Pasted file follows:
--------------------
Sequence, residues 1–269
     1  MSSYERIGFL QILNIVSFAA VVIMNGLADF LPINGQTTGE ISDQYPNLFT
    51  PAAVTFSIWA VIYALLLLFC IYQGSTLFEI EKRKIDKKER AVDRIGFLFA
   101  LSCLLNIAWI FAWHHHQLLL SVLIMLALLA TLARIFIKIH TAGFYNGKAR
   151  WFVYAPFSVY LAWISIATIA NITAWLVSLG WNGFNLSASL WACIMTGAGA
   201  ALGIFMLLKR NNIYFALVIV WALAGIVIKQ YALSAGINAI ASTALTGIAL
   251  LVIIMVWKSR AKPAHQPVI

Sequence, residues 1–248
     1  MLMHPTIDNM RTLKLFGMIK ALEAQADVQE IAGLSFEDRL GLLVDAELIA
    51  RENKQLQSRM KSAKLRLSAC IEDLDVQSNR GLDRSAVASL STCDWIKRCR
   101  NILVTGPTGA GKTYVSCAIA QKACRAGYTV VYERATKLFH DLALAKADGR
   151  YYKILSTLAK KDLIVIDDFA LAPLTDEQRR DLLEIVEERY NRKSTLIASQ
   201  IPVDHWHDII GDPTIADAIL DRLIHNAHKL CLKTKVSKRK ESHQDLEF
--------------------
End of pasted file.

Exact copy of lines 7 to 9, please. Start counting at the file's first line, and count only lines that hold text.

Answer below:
   251  LVIIMVWKSR AKPAHQPVI

Sequence, residues 1–248
     1  MLMHPTIDNM RTLKLFGMIK ALEAQADVQE IAGLSFEDRL GLLVDAELIA